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POLISH CATHOLICS RECALL THEIR PAIN AT AUSCHWITZ

NEWS from THE POLISH AMERICAN CONGRESS HOLOCAUST DOCUMENTATION COMMITTEE 177 Kent St., Brooklyn, N.Y. 11222 - (718) 349-9689
FOR IMMEDIATE RELEASE November 3, 2004




Michael Preisler (left) and Andrew Garczynski describe the suffering they and other Polish Catholics went through when they were prisoners at the dreaded Auschwitz concentration camp in German-occupied Poland in World War II.

As part of the Polish American Heritage Month exhibit at the Glen Cove (N.Y.) Public Library, Preisler and Garczynski shocked their audience as they shared their memories of the barbaric and inhuman treatment they endured at the hands of Hitler's SS.

As co-chair of the Holocaust Documentation Committee of the Polish American Congress, Preisler has dedicated most of his efforts since emigrating here to informing Americans about the nightmare Catholics and other Christians also experienced during the Holocaust. He survived 3 1/2 years in Auschwitz.

What troubles Preisler most today are the signs he is beginning to see of a pro-German bias from some of the media when they report about the Holocaust. Whether by negligence or intent, they like to call concentration camps the Germans operated in Poland as "Polish" camps instead of the German camps they were, according to Preisler.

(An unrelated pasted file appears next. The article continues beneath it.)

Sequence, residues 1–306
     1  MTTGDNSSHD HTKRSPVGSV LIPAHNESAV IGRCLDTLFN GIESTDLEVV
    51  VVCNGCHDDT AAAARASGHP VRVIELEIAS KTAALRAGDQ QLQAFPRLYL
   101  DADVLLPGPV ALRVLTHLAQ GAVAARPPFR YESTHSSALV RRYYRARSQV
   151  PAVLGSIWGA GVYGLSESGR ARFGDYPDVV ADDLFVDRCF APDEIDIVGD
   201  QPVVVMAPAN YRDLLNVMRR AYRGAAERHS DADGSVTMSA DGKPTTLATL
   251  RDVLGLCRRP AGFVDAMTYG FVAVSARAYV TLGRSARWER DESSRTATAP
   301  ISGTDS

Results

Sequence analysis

He cited Time magazine, Business Week, the Washington Post and Canadian TV as some of the most recent offenders.

"There were German concentration camps in Germany and there were German concentration camps in Poland. A German camp did not turn into a Polish camp just because the Germans ran it inside Poland," he said.

"And when we complain about how misleading such descriptions can be, they give us the lame excuse they used 'Polish' as a geographic location. But with that kind of logic, they might as well say Hitler became a Frenchman after Germany invaded France and he went to Paris to salute his victorious German soldiers there." he said.

Garczynski and Preisler both live in Queens, New York


HITLER'S WOMEN GUARDS JUST AS CRUEL AS SS-MEN



Even though she was only 16, Wanda Lorenc had already seen the inside of two German concentration camps.

First, they sent her to the infamous women's concentration camp at Ravensbruck. Then they put her in Spandau. That's where she found out how costly it would be for someone Polish like her to help a Jew.

It was only a piece of bread she gave another prisoner, a Jewish woman from Hungary. But one of the female German guards saw her do it and pounced on her.

The shrieking Nazi kept beating and kicking her and eventually kicked out the teenager's teeth. Then the Germans let loose one of their dogs to bite out a chunk of flesh from her side.

This was part of the gruesome story Wanda Lorenc told the audience at the Glen Cove Public Library.

Ms. Lorenc's father, mother and brother are honored at Israel's Yad Vashem for rescuing 12 Jews from the Warsaw Ghetto in 1943. She is a resident of Glen Head, New York.

Contact: Frank Milewski - (718) 263-2700

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